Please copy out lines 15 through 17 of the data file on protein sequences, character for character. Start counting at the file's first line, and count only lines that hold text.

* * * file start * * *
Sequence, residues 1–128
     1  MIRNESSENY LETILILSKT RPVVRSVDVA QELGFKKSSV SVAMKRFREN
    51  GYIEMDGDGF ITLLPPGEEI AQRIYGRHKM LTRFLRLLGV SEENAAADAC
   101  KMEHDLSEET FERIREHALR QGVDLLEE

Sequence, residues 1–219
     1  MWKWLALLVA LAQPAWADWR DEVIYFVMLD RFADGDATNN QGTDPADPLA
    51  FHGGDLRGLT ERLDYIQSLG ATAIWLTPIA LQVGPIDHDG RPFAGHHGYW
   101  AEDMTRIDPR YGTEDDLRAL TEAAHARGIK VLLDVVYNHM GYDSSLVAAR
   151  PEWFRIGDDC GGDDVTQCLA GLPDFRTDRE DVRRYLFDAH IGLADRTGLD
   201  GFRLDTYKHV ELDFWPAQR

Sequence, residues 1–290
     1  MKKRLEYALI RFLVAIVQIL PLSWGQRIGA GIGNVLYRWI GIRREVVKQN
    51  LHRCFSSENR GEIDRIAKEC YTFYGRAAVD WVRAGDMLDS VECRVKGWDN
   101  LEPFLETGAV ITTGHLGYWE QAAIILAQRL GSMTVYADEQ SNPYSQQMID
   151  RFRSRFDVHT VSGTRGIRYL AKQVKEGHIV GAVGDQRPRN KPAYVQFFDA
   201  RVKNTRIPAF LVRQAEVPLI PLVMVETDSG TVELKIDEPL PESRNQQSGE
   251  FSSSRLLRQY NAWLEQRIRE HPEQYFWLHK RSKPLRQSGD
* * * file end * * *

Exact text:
   151  RFRSRFDVHT VSGTRGIRYL AKQVKEGHIV GAVGDQRPRN KPAYVQFFDA
   201  RVKNTRIPAF LVRQAEVPLI PLVMVETDSG TVELKIDEPL PESRNQQSGE
   251  FSSSRLLRQY NAWLEQRIRE HPEQYFWLHK RSKPLRQSGD